This article was published 13 years ago
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Facebook will go after Twitter with the acquisition of FriendFeed

People were confused when Facebook acquired FriendFeed.  The purists would tell me that FriendFeed is not like Twitter, even though it is.

Stranglely, everyone that was using FriendFeed was excited at the acquisition.  When the celebration settled down, people began to question why Facebook acquired FriendFeed.

Robert Scoble and others suggest that the real reason Facebook acquired FriendFeed was to compete against Google.

“This is Facebook firing a shot at Google, not at Twitter,” Robert Scoble wrote on his blog.  “Twitter is mere collateral damage but Facebook knows the real money in real time is in search. FriendFeed has real time search. Google does not (although it’s bootstrapping there very fast, some of my FriendFeed items are showing up in Google within seconds now). Facebook has 300 million users. FriendFeed and Twitter do not. Google has Wave coming, along with some other things this fall and that forced a shotgun marriage between FriendFeed and Facebook.”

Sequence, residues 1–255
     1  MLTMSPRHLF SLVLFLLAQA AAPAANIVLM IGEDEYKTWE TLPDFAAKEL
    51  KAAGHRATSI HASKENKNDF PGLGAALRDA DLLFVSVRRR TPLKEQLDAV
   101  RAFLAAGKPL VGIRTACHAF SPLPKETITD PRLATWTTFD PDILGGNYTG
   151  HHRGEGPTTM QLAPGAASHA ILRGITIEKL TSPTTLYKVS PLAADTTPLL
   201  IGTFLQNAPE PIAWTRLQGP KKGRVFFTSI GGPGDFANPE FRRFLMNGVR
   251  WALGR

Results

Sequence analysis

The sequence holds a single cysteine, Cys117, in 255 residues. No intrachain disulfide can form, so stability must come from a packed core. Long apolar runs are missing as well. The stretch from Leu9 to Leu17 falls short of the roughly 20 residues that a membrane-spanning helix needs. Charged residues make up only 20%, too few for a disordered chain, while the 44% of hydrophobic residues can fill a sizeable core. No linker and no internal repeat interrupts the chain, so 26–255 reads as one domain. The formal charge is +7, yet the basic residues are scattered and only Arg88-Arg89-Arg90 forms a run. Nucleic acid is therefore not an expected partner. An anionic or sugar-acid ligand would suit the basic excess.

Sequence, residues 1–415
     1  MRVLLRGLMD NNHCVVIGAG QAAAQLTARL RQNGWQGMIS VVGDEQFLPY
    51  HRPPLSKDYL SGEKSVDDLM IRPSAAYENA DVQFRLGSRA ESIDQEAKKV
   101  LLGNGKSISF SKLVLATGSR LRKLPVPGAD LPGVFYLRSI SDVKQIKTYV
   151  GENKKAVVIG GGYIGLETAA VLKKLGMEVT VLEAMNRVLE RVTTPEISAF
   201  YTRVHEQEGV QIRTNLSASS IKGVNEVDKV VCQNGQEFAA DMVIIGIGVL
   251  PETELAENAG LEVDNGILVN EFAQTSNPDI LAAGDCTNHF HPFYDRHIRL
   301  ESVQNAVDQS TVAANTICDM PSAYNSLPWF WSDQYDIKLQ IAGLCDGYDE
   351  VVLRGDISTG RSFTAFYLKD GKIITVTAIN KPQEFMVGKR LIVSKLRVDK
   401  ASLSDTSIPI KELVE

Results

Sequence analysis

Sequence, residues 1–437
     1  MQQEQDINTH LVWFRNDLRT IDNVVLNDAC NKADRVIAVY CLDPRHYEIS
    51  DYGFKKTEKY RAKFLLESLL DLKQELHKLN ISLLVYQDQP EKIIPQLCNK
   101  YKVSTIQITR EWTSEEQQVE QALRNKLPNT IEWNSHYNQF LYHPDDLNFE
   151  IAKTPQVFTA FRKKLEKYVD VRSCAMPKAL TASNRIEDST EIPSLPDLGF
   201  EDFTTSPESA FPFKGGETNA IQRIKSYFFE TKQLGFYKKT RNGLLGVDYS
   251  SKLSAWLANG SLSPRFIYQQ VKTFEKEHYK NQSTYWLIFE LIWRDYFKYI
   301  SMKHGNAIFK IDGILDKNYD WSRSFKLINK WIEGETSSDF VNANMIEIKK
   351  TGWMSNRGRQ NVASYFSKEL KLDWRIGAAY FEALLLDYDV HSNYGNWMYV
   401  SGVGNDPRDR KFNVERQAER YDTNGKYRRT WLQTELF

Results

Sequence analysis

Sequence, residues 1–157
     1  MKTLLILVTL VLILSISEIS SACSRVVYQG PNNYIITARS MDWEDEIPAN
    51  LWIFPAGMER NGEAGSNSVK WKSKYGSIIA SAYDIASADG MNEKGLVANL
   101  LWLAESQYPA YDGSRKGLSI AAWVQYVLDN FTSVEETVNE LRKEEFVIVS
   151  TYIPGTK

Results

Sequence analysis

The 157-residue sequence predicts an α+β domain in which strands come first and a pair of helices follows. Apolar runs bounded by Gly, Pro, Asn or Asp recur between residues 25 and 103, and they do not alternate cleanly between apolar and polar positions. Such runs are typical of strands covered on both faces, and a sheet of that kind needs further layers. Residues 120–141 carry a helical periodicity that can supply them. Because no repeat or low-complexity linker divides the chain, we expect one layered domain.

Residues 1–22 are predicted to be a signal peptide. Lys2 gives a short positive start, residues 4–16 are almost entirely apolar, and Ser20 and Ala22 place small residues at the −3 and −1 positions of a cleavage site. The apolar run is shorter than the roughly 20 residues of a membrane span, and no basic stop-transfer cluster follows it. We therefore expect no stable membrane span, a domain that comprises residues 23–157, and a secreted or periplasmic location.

At the time of the announcement, I was convince that Facebook was buying FriendFeed to go after Twitter, not Google.

And when TechCrunch reported that Facebook is beta-testing a light version of the popular social networking site, my assumptions became true.  Even though the social network has been dropping subtle hints that they want to go after Twitter.

Facebook opened up their API at the beginning of the year to allow third-party developers to pull status updates from Facebook.  “We’re launching several new APIs for Facebook Platform today,” Chris Putnam wrote on the Facebook developer blog in February 2009.  “These new interfaces open up access to the content and methods for sharing through several Facebook Applications — including Facebook Status, Notes, Links (what we used to call Posted Items), and Video — to go along with the APIs already available for uploading and viewing through Facebook Photos.”

Facebook even tried to buy Twitter back in 2008 for $500 million.  Twitter turned down the offer from Facebook as the company should “still take a shot at building its revenues–there are none right now–as well as it had done at building its growth, “ Kara Swisher of AllThingsD reported.

Its unclear if the acquisition will move people from Twitter to FriendFeed.  Facebook can lure people away from Twitter if they present a strong language: you can type more than 140 characters and we’re more reliable than Twitter!